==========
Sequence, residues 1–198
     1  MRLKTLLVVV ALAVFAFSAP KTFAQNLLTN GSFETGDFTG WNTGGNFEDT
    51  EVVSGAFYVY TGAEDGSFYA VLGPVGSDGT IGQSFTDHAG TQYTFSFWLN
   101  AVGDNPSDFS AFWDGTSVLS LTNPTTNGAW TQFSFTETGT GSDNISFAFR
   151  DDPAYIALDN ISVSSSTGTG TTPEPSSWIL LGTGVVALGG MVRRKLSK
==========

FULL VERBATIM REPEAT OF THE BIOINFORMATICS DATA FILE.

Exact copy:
Sequence, residues 1–198
     1  MRLKTLLVVV ALAVFAFSAP KTFAQNLLTN GSFETGDFTG WNTGGNFEDT
    51  EVVSGAFYVY TGAEDGSFYA VLGPVGSDGT IGQSFTDHAG TQYTFSFWLN
   101  AVGDNPSDFS AFWDGTSVLS LTNPTTNGAW TQFSFTETGT GSDNISFAFR
   151  DDPAYIALDN ISVSSSTGTG TTPEPSSWIL LGTGVVALGG MVRRKLSK